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persuaded that these circumstances impaired respondent's judgment and caused him to commit the offenses. Many lawyers have suffered far worse without stealing from their clients or their partners. We cannot excuse respondent without exonerating every lawyer who suffers personal hardships and misappropriates funds.
Respondent accurately points to his record of service to his clients, the profession, and the community. His record is indeed outstanding. It includes active involvement in charitable activities. He was a partner in one of this State's most successful law firms and an adjunct professor at two law schools. He served as a volunteer lecturer in programs of continuing legal education and served as chairman of the Taxation Section of the State Bar Association. The egregiousness of respondent's dishonesty should have been readily apparent to so distinguished a practitioner. Although good reputation, prior trustworthy professional conduct, and general good character are often considered as mitigating factors, see, e.g., In re Infinito, 94 N.J. 50, 57, 462 A.2d 160 (1983), their importance is diminished "where misappropriation is involved." Wilson, supra, 81 N.J. at 459-60, 409 A.2d 1153.
Finally, respondent attributes his misconduct to disillusionment with the "firm culture" at M & E. He argues that "partners were using the firm as their own source of personal funds for meals with friends, travel expenditures and conventions." Respondent claims that his repeated complaints to senior partners about implementing tighter controls "fell on deaf ears." Consequently, according to respondent, he vented his frustrations by "conduct[ing] himself in the same manner in which he perceived others at the firm to be conducting themselves." Although respondent concedes that "this was an immature and wrong response," he alludes to his perception of M & E's "firm culture" in the late 1980s as a mitigating factor.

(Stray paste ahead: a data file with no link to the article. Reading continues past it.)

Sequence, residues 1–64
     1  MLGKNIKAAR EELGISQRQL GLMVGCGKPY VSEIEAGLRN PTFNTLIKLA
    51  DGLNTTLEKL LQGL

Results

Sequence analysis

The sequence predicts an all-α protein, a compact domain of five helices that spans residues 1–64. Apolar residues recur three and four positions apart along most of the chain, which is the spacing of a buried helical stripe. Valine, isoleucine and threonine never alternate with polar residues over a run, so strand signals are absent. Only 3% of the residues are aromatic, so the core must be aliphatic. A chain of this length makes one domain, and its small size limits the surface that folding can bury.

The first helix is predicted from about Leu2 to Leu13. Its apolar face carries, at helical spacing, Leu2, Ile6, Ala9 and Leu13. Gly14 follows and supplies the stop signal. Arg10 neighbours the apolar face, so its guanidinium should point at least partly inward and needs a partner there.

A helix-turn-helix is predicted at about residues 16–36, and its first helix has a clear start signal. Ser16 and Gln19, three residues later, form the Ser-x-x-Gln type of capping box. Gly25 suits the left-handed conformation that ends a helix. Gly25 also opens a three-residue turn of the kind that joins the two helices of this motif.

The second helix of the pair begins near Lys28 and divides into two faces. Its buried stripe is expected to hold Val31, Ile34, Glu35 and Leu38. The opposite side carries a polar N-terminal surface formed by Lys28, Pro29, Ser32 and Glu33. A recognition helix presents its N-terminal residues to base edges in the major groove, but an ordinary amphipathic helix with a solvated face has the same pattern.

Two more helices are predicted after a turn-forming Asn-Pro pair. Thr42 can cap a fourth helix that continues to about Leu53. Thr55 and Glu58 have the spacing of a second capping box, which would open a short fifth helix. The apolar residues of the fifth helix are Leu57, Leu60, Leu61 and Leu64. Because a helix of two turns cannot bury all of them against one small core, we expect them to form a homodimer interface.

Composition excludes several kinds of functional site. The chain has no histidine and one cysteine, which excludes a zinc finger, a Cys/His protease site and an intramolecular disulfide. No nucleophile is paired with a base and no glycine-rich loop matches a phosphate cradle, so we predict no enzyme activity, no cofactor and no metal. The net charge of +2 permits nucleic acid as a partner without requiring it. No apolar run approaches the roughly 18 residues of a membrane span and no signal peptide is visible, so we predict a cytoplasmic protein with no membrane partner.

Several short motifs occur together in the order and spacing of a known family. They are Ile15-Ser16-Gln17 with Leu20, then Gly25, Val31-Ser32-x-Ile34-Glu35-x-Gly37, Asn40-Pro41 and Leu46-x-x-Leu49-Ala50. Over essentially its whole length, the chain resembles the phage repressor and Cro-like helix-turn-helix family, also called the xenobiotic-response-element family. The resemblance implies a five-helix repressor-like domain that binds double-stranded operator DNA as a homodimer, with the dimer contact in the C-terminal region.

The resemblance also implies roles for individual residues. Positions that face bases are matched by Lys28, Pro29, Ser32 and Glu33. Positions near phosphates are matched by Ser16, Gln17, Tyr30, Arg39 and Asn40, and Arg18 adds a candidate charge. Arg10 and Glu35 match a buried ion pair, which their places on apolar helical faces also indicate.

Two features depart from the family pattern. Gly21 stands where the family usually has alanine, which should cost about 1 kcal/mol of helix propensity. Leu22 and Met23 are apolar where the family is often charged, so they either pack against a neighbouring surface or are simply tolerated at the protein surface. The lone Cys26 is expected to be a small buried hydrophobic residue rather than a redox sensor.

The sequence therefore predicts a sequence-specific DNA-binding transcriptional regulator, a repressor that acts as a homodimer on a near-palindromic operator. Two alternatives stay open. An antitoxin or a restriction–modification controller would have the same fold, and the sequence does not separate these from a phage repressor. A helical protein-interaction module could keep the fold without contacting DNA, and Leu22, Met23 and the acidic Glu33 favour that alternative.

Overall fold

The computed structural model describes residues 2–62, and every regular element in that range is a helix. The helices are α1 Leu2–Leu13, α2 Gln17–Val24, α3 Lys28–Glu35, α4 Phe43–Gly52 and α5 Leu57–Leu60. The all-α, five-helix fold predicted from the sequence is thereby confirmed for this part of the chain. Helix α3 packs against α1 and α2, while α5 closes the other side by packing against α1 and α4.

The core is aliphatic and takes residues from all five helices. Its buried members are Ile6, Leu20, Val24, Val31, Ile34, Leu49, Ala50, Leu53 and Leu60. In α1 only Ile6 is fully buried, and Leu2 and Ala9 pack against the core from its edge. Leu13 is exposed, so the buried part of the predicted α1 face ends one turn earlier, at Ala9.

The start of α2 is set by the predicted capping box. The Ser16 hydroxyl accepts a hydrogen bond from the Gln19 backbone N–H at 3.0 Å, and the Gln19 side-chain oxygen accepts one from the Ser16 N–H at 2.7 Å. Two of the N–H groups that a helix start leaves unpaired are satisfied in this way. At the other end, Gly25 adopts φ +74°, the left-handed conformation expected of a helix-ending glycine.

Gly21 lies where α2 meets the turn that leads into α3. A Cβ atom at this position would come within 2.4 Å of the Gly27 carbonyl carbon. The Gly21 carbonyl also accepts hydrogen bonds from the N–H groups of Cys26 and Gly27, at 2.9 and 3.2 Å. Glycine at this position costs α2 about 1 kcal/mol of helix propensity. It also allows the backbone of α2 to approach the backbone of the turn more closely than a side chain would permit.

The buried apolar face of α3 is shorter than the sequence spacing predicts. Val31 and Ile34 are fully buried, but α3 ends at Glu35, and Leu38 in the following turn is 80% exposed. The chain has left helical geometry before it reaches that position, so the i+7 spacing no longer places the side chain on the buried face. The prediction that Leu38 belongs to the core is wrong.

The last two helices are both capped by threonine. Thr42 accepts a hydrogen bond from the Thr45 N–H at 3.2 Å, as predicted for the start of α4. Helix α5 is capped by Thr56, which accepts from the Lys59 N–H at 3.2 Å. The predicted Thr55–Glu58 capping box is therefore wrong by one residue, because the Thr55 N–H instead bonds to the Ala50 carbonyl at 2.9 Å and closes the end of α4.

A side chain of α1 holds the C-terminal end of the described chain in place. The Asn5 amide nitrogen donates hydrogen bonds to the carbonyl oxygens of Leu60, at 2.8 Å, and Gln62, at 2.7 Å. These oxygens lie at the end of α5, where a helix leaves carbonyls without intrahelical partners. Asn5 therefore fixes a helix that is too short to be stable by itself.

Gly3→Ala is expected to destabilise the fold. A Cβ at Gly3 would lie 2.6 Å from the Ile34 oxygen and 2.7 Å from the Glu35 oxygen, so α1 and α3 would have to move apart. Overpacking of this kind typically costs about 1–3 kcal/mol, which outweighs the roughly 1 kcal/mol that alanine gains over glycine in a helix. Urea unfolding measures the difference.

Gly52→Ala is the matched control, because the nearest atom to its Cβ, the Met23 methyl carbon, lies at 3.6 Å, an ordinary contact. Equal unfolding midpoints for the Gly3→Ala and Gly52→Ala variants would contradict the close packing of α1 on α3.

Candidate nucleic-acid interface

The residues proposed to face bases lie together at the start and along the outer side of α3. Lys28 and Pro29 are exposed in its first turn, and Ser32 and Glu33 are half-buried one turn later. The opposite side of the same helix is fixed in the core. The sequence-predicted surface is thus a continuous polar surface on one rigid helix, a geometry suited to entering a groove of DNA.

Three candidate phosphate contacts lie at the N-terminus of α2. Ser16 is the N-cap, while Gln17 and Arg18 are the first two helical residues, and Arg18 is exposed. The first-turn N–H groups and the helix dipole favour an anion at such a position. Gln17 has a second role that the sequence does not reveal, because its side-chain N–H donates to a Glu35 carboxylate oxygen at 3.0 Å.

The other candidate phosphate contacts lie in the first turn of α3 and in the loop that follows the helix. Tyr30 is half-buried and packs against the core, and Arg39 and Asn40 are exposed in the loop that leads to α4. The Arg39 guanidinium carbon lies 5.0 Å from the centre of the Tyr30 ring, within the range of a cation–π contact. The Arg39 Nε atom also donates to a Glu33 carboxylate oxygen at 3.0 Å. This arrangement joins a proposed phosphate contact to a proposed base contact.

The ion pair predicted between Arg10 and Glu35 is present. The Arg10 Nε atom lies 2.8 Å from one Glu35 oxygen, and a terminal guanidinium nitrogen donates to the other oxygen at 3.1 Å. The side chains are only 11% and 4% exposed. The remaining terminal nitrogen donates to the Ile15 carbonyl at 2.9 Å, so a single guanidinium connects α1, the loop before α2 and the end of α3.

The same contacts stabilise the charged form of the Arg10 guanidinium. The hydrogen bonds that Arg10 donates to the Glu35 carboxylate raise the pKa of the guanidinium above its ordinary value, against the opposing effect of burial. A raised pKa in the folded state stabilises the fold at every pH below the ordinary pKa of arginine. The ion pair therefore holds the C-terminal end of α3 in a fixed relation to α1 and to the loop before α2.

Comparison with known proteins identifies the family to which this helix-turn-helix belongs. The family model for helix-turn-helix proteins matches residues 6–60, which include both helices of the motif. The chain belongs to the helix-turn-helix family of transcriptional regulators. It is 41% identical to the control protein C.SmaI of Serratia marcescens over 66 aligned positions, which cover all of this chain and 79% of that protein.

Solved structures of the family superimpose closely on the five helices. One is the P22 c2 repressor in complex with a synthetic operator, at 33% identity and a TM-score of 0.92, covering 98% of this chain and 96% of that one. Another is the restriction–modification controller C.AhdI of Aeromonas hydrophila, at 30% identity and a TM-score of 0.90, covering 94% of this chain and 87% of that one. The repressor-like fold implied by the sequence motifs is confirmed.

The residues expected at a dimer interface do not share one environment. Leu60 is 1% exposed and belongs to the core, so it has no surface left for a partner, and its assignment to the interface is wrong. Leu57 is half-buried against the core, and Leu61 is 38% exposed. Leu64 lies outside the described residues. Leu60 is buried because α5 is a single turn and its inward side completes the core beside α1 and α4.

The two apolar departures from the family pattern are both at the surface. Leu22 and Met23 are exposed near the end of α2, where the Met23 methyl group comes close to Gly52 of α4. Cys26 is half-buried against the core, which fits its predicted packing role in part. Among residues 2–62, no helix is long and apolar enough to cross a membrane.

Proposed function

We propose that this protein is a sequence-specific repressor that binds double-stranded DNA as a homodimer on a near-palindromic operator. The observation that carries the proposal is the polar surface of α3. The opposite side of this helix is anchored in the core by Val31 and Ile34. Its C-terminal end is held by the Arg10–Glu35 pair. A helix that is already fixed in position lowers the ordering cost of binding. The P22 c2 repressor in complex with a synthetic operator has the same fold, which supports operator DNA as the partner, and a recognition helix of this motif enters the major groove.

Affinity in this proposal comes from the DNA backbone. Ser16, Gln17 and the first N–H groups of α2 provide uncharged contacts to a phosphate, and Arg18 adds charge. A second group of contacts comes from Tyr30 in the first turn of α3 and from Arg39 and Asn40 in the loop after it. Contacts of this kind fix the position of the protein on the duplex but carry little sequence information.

The respondent in Maier, supra, 664 S.W. 2d at 2, similarly argued that his firm had undervalued his services and underpaid him. To this, the Missouri Supreme Court responded that "[s]uch
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rationale offers little or no justification for respondent's conduct." Ibid. Likewise, the respondent in Ezrin, supra, 541 A.2d at 968, offered the testimony of a psychiatrist who found that respondent's "resentment of his partners' [perceived] actions [in taking undue advantage of him] manifested itself, as a substitute for communicating his anger, in the theft of the partnership's funds." Also, the associate in Selden, supra, 728 P. 2d at 1037, believed that he deserved, and had been promised, a bonus from the firm for which he worked. Throughout the disciplinary process, the associate sought to justify his actions on these grounds although he admitted that the misappropriation was wrong. Ibid. All these respondents were disbarred.
Frustration and disillusionment with one's "firm culture" and dissatisfaction with one's pay do not excuse misuse of partnership funds. Respondent's extended misappropriation of firm funds, as enumerated in counts one and two, calls for disbarment.
Respondent shall reimburse the Ethics Financial Committee for appropriate administrative costs, including the costs of transcripts.